According to protestors, more than one million people hit the streets in Hong Kong to protest a new law that would allow residents to be extradited to China for certain offenses. “Critics say the move would make anyone in Hong Kong vulnerable to being grabbed by the Chinese authorities for political reasons or inadvertent business offenses and undermine the city’s semi-autonomous legal system.”
The police claim the number of protestors was closer to 250K, but that is still a large crowd of people worried about China’s interference in Hong Kong.
Sunday’s protest, however, wasn’t just remarkable for its size — but also its demographics.
While the Umbrella Movement galvanized Hong Kong’s youth and was mainly student-led, it wasn’t popular with everyone, and some in the city felt it was disruptive to business.
Opposition to the extradition bill, however, came from a wider cross-section of society.
Lawyers, business people, middle-class, middle-aged first-time protesters were all on the streets of Hong Kong on Sunday.
Despite the protest, Hong Kong will move forward with the bill.
Hong Kong’s leader signaled Monday that her government will push ahead with controversial amendments to extradition laws despite a massive protest against them that underscored fears about mainland China’s broadening footprint in the semi-autonomous territory.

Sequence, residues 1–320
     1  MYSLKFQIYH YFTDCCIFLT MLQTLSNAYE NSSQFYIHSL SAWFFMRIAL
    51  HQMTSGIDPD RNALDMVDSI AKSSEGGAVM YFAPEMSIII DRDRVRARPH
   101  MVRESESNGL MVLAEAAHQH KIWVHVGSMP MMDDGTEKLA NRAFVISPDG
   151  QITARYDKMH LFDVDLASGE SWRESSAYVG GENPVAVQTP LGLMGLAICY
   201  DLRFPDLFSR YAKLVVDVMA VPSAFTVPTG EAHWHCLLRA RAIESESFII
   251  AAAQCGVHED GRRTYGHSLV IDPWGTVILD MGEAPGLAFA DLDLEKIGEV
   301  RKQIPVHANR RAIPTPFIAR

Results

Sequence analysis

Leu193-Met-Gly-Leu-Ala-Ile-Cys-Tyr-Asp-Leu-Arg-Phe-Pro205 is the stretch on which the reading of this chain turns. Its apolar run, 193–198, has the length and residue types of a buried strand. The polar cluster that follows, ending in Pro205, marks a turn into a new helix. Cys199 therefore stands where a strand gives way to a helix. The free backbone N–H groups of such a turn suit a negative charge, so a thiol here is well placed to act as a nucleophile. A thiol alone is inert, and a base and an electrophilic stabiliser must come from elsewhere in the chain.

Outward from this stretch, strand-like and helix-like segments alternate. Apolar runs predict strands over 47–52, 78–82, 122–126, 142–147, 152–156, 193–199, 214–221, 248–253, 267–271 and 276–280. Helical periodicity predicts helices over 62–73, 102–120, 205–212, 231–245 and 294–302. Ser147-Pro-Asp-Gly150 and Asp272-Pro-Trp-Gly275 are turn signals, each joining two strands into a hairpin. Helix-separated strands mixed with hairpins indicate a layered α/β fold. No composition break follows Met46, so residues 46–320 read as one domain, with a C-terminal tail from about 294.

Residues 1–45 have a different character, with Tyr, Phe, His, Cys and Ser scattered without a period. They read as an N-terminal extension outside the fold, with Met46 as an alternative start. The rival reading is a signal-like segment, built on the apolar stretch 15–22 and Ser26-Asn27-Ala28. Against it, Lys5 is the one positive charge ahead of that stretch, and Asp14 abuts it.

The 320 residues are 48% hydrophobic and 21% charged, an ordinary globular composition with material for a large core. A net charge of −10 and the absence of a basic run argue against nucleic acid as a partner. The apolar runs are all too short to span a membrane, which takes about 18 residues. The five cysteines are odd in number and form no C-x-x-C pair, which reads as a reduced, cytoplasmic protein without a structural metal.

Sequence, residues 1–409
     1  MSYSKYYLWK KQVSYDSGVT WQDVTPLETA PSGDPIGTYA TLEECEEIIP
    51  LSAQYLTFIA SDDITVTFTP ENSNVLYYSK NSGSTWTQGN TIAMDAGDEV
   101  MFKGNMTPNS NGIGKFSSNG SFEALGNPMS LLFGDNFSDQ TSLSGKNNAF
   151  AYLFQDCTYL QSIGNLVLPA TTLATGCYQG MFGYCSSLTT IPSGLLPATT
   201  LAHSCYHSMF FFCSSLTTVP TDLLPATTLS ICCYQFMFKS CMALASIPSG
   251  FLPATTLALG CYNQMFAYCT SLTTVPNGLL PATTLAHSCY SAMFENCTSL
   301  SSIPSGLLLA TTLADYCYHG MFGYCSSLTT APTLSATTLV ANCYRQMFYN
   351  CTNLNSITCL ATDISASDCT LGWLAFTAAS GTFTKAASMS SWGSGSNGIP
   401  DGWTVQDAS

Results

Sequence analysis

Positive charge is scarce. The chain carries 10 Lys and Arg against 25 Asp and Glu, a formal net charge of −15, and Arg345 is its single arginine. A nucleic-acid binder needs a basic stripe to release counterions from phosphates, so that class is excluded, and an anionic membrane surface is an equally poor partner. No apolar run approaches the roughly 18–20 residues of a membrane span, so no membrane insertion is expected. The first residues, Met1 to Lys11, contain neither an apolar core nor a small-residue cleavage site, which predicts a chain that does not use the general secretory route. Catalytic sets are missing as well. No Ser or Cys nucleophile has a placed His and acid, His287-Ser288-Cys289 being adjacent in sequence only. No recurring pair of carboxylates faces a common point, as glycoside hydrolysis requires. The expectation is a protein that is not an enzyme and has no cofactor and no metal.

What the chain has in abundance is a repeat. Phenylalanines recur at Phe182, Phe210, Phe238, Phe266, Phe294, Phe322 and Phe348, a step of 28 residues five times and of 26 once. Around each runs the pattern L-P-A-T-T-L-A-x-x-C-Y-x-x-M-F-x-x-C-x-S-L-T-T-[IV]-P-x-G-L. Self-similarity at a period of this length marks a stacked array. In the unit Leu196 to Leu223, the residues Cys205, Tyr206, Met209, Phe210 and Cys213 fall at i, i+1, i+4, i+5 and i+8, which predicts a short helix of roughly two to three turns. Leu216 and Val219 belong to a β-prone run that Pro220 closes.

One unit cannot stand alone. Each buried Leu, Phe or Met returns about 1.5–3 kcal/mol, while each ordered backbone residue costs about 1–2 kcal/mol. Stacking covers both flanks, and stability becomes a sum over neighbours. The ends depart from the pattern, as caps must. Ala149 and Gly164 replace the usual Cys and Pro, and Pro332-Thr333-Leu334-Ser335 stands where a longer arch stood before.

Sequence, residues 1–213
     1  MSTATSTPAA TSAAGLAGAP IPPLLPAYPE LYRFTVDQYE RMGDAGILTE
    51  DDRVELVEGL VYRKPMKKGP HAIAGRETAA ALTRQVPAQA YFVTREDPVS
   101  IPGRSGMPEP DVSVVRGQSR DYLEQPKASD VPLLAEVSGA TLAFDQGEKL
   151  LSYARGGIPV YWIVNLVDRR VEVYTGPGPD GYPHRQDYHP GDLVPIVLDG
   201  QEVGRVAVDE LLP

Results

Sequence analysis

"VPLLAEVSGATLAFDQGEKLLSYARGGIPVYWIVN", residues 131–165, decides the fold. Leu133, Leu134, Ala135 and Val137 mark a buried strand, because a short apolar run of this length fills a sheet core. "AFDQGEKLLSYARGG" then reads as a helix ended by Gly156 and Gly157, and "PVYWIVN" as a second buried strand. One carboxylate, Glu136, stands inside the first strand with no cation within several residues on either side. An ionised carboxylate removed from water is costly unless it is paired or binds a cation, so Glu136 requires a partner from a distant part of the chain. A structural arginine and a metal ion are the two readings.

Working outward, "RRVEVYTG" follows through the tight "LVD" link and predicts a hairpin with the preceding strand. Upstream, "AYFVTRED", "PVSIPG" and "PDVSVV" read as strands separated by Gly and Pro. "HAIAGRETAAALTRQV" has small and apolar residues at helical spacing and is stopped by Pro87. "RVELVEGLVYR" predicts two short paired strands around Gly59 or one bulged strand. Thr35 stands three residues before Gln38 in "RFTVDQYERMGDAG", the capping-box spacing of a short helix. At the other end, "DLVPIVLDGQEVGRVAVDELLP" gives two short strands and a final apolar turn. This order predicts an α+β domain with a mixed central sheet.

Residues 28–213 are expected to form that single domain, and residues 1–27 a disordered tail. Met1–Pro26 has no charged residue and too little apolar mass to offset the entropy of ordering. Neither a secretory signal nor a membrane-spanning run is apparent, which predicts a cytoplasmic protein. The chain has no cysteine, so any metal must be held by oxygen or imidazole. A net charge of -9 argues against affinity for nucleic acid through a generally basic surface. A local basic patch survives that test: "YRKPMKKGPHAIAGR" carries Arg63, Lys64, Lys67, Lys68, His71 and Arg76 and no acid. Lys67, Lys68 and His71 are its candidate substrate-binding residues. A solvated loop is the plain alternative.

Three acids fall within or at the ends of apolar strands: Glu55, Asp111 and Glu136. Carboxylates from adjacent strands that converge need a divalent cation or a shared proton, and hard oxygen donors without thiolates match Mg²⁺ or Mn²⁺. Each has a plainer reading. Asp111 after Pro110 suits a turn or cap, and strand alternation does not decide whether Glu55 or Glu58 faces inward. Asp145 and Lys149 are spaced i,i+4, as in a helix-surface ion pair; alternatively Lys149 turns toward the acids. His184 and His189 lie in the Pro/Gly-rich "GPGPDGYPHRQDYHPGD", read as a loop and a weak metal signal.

In what was likely Hong Kong’s largest protest in more than a decade, hundreds of thousands of people shut down the heart of the skyscraper-studded city on Sunday, three days before the Legislative Council is slated to take up the bill.
Chief Executive Carrie Lam said the law is important for Hong Kong to “uphold justice and fulfill its international obligations. Safeguards added in May will ensure that the legislation protects human rights, she said.”
“I have not received any instruction or mandate from Beijing to do this bill,” she said. “We were doing it — and we are still doing it — out of our clear conscience, and our commitment to Hong Kong.” Lam said the bill will prevent Hong Kong to become a place for fugitives. Presumably fugitives from China.
(Photo by Anthony Kwan/Getty Images)